The howls, shrieks, chirrups and yips echoed through the night.
Some cowered at the sound, keeping their heads down, flinching if a gibbering scream rattled in their ear.
Above it all came a thundering cry.
This wasn’t the jungle.
This was the factory night shift.
This was the cabbage patch.
It’s called the cabbage patch because all the machines are in rows, and the operators stand in rows.
Sasquatch was on the night shift.
With his huge hands he scooped up a stack of envelopes.
“Bacon!” he boomed.
A grey sack was held open and Sasquatch thrust the envelopes inside.
“Boxes!” he bellowed.
Scream gibber yip bacon peep moo howl oink boxes baa oi.
Why do the cabbage patch make these noises?
To be honest, I haven’t got a fucking clue.
I really don’t think they know why they do it.
Hessian liked to whistle at people, then look away, leaving them confused.
He was a ‘whistler’
He thought it made them look a right cunt.
His hunched, narrow shoulders would shake with mirth, and his thin, puckered lips would curl back to reveal rotten, dirty teeth.
“See that knob head looking round with a stupid look on his face!” he would snigger.
Hessian usually had an entourage of goons, who would laugh when he laughed.
“Hurr hurr hurr. Yeah, knob head.”
Hessian was top dog on nights.
He called the shots.
Hessian looked round, his eyes narrowing.
Hessian hissed with irritation.
“That big moron Sasquatch is getting right on my tits tonight. If he does that again, I’m gonna…”
“… sort him out. Listen up lads. Here’s what we’re gonna do…”
“Here, Sasquatch, you’re needed in the warehouse.”
“Huh? Who needs me?”
“Dunno. You’re needed in the warehouse.”
“What do they want?”
“Dunno. You’re needed in the warehouse.”
“Huh. Alright then…”
Sasquatch clumped to the warehouse.
It was empty.
“Somebody needed me here?”
Men leapt from the shadows, screaming and gibbering.
Sasquatch was knocked sprawling across the floor, and strong hands tore at his clothes.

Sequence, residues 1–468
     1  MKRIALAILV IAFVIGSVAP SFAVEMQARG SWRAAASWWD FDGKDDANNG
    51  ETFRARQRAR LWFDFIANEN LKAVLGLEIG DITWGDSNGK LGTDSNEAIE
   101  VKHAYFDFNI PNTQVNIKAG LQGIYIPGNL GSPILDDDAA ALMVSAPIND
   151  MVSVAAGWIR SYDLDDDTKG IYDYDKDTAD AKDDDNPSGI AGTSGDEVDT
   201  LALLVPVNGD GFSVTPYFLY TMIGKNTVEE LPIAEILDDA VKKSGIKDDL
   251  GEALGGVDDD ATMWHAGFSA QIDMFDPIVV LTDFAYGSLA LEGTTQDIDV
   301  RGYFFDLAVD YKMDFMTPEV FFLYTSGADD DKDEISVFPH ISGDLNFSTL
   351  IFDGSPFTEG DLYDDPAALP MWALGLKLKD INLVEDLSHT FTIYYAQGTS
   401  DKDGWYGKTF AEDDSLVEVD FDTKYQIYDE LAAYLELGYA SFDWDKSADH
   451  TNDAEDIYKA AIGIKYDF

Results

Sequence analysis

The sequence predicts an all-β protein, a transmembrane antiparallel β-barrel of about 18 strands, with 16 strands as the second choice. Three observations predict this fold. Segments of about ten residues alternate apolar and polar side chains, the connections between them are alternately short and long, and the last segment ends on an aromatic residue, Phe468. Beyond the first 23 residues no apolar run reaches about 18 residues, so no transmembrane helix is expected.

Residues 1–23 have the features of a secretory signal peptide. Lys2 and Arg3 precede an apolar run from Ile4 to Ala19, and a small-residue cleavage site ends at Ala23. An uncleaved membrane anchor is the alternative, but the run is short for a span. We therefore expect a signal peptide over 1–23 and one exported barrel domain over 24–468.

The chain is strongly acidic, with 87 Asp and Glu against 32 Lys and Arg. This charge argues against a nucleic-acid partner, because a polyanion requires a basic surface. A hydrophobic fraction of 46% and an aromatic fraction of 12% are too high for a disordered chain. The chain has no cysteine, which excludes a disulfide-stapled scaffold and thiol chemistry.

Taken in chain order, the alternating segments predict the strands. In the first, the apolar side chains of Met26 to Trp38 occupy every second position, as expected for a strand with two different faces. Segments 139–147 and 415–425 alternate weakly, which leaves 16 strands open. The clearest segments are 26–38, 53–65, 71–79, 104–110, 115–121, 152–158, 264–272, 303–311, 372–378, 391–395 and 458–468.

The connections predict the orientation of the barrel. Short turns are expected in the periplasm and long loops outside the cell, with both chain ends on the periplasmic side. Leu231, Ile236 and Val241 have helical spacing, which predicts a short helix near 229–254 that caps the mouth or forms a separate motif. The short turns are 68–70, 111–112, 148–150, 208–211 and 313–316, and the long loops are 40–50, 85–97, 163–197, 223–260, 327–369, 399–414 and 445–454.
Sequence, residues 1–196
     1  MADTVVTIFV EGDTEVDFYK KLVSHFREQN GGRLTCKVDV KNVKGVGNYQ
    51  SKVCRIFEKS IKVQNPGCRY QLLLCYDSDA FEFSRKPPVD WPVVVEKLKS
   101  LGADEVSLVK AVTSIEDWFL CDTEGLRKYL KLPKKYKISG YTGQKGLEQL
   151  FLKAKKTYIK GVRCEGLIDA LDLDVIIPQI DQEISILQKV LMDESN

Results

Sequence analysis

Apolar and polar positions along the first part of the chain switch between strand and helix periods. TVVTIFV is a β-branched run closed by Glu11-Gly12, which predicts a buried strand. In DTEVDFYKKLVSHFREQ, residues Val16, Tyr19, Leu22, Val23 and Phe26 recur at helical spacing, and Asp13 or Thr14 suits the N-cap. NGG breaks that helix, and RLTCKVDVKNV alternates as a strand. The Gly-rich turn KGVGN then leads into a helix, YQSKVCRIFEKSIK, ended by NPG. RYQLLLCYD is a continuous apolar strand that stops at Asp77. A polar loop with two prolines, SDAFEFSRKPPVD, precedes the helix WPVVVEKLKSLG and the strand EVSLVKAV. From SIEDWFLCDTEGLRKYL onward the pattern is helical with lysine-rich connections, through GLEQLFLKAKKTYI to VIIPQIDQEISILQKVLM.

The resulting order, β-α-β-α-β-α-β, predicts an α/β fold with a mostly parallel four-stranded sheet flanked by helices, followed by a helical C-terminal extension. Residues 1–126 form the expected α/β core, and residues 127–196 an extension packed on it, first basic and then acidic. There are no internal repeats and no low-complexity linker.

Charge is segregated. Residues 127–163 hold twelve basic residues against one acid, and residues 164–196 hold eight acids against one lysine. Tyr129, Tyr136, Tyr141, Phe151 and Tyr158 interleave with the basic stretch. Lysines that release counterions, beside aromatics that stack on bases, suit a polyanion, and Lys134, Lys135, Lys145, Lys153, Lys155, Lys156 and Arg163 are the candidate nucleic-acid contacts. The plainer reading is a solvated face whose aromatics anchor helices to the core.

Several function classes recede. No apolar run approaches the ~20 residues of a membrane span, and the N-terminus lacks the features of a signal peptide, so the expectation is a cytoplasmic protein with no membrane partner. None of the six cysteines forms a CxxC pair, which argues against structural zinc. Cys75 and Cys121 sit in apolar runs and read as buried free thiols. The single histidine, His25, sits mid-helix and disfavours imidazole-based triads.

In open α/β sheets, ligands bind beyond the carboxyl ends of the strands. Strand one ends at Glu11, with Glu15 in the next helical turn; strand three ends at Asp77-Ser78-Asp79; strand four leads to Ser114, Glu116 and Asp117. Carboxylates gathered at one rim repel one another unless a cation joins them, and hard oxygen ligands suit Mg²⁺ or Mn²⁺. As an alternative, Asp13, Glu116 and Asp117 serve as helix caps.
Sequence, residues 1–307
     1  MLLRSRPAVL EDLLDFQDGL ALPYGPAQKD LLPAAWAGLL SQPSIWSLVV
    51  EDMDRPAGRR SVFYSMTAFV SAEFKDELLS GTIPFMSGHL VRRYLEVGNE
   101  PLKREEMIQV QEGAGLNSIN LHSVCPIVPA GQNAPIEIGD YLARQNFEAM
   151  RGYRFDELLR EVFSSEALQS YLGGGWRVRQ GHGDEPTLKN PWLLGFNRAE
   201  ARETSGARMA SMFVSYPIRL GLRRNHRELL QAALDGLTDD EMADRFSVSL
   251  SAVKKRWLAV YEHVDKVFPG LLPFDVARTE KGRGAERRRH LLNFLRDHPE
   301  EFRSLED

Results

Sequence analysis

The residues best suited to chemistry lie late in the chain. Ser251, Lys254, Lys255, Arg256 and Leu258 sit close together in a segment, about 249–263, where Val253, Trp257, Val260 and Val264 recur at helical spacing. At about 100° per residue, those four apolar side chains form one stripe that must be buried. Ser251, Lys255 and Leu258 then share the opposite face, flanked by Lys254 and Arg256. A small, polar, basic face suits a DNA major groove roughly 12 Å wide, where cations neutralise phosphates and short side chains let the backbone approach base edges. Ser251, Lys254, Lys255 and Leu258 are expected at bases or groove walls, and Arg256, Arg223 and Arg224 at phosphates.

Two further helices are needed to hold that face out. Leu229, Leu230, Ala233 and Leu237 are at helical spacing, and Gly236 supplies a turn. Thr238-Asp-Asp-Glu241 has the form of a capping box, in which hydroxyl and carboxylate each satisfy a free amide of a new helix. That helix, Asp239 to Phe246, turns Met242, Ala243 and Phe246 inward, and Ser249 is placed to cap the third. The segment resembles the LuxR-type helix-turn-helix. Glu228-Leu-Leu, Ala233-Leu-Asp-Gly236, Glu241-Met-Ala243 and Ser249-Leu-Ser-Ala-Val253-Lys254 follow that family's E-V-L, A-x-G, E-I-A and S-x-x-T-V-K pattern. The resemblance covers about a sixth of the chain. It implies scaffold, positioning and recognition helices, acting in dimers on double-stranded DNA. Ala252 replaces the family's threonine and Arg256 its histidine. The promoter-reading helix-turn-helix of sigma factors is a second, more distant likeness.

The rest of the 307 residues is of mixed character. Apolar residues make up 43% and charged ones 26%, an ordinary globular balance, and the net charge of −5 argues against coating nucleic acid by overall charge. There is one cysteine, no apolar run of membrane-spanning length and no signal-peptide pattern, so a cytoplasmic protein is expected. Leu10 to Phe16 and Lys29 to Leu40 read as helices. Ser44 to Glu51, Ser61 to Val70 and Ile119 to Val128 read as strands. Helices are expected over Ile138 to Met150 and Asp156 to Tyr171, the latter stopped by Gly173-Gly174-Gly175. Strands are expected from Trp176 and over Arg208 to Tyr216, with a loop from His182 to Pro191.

“Strip him, lads!”
Sasquatch howled with fear, but a strip of parcel tape silenced him.
He fought back, but a heavy punch to the stomach doubled him over, and soon he lay trussed on the cold concrete floor wearing nothing but his underwear.
“Bag him up, lads…”
3.00pm. Manchester Piccadilly station.
A guard was wandering along the freezing platform, sheltered from the worst of the wind by large steel cages stuffed with grey sacks containing direct mail destined for London and the South.
One of the sacks was moving.
It had happened before.
Rats looking for nesting material. They could chew up a bag full of mail in no time.
He slipped his heavy torch from his belt loop and crept towards the cage.
He slowly lifted it high over his head.
“Got yer, yer furry bugger!”
“What the…? Fuckin’ Hell! There’s a fella in this bag! George! George! Get over here! There’s a fell in one of these bags! Give us an ‘and!”
Sasquatch sat shivering by the stove in the small office. He was mounded with grey blankets, but he still couldn’t get warm. An ambulance was on it’s way, as were the police.
The guard called George came in, carrying a mug of tea for him.
“Here you go, big lad. Get that down yer. Listen, Pete says he’s really sorry for giving you that black eye. He really thought you was a rat scuttling about in there!”
Sasquatch was silent. He sipped his tea and shivered, staring straight ahead. It unnerved George.
“Look here. Are you hungry? We’ve got some sarnies on the go. Would you like one?”
Sasquatch looked up. He realised he was starving.
“Y..yes please. What sarnies have you got?”
Sasquatch flinched, and burst into tears.
George shuffled out of the room.
Pete was waiting outside.
“How is he?”
“Crying his poor heart out.”
“Bloody hell! What did you say to him?”
“I offered him a bacon sarnie, and he starts roaring his head off! Can’t figure it!”
“Hmm. Reckon he’s Jewish?”
The lads who bagged him up were fired.
Hessian got away scott free.
Sasquatch was never the same again.
It took him years to start saying Bacon and Boxes again.
I heard him this morning, though.
I wish some fucker would sling him in a sack again.
Just for a bit of peace.